A BID to build a house on part of a gypsy travellers site, which was set up to offer a landowner’s extended family a place to stay a decade ago, will go to appeal this month after being rejected by planners.

The travellers site was built on the outskirts of Tranent in 2014, but a report due to go before an appeal body this month says it is no longer in demand.

Paris McCallum applied for planning permission to build a house on two of the pitches on the site, which had initially been able to accommodate 12 caravans.

However, East Lothian planners refused planning permission, saying that the house would breach its policy against new builds in the countryside.

An appeal to the council’s local review body reveals that the caravan site is not considered a viable business post-Covid, with fewer visitors using it or willing to pay to stay.

'Not appropriate or attractive'

In a statement supporting the application for the new house, Ms McCallum’s agent says: “The reason for the application is that it has become evident over recent years that the site is not appropriate or attractive as a destination for mobile travellers.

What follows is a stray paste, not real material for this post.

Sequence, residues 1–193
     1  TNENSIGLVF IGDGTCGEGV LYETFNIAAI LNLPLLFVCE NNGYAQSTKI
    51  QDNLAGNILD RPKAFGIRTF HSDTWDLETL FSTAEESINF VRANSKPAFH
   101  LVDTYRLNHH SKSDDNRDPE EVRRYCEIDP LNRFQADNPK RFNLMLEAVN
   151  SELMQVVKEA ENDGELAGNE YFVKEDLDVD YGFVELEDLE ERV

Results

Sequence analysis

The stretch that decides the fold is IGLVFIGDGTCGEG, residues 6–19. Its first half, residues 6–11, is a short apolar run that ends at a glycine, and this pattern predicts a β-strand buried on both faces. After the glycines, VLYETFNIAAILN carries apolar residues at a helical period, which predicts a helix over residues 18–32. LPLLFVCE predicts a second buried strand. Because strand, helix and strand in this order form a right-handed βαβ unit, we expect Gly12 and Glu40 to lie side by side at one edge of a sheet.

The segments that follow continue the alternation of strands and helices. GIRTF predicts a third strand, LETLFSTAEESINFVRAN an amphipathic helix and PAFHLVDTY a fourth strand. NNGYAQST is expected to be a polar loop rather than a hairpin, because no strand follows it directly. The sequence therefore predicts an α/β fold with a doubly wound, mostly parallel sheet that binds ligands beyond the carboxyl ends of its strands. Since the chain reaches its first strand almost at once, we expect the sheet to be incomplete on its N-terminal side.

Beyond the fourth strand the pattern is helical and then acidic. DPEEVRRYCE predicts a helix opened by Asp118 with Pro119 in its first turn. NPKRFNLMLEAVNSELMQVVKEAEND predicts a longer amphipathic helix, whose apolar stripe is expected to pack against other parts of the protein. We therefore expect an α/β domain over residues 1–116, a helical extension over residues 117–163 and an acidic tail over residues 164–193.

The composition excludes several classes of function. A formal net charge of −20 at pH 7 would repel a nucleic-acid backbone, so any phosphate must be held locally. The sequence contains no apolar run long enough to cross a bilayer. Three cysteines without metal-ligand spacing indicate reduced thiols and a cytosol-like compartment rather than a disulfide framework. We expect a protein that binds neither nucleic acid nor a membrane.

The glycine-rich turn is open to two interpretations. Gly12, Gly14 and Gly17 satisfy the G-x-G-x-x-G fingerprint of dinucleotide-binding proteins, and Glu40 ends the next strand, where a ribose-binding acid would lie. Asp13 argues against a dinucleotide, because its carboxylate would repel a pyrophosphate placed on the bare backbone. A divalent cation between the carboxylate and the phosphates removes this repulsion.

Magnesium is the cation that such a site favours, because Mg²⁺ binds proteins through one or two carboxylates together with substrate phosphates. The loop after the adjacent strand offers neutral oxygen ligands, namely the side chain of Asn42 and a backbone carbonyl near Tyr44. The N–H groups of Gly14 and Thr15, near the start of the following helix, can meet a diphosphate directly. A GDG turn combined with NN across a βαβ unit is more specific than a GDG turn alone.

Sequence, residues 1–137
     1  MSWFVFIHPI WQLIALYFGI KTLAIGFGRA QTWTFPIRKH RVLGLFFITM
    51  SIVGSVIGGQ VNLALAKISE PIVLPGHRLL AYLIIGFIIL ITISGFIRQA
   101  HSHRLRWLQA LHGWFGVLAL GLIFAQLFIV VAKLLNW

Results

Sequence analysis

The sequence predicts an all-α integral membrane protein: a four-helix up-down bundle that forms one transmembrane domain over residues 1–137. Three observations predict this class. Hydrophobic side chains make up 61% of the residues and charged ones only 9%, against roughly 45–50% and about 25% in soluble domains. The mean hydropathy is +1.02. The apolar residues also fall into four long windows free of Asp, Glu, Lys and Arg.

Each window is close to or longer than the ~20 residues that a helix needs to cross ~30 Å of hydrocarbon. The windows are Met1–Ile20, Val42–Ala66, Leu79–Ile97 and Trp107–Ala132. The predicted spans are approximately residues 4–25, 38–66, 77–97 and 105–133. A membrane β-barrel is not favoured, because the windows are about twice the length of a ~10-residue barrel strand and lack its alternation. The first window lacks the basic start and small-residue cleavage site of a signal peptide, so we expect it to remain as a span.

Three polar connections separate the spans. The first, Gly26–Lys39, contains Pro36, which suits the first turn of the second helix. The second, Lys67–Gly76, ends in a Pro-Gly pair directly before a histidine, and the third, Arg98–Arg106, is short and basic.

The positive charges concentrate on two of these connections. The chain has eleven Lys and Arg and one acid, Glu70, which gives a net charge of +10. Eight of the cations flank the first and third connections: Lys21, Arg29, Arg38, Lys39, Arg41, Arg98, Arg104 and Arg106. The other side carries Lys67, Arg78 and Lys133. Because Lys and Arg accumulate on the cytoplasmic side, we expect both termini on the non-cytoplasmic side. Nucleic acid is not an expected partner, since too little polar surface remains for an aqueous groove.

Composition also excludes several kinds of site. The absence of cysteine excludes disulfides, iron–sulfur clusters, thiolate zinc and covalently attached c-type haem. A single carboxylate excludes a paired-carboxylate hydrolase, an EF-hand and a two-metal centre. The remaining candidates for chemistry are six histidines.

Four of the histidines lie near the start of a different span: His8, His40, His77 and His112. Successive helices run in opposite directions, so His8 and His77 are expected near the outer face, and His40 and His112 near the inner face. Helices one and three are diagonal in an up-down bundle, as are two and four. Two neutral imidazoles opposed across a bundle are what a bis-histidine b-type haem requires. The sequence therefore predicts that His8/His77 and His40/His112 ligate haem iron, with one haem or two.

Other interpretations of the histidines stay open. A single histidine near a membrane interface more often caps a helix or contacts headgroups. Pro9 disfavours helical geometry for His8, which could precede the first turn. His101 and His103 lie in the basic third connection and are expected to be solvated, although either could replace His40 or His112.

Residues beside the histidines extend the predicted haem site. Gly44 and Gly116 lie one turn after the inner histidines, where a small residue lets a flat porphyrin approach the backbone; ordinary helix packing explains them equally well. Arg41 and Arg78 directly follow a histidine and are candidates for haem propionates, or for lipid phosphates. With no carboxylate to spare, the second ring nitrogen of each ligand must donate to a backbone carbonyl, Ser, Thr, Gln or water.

“This is substantiated by lower levels of occupancy across the Lothians and Scotland post-Covid-19, with mobile travellers favouring more modern and well-equipped sites.

“Furthermore, gypsy travellers are less prepared to pay for private pitches given the cost-of-living crisis.

“Given the drop in demand and occupancy with very few enquiries, it has become evident that the operation for travellers’ pitches would not be a viable business in the current circumstances.”

The travellers site was built without planning permission initially and East Lothian councillors refused to grant it, mainly because of their concerns about it being built without the official go-ahead.

An appeal to Scottish Ministers saw it eventually granted permission.

At the time, the landowner said it would be a place for his extended family to come and visit.

'Aggrieved' by decision

In March last year, planning permission, partly retrospective, was granted for one house to replace a pitch on the site; however, Ms McCallum’s application to build a second home on additional pitches was refused.

Planners said that the build would constitute a new home in the countryside without meeting any of the exemptions which would justify it.

Agents for the applicant described their view of the steading as in a rural local as "outdated", pointing to the buildings already on the steading, which lies 300 metres from new housing on the edge of Tranent.

Ms McCallum, who is described in her agent’s supporting statement as a "settled traveller of gypsy heritage", was said to be "aggrieved’ by the decision of the planners.

Her appeal will be heard at a local review body hearing later this month.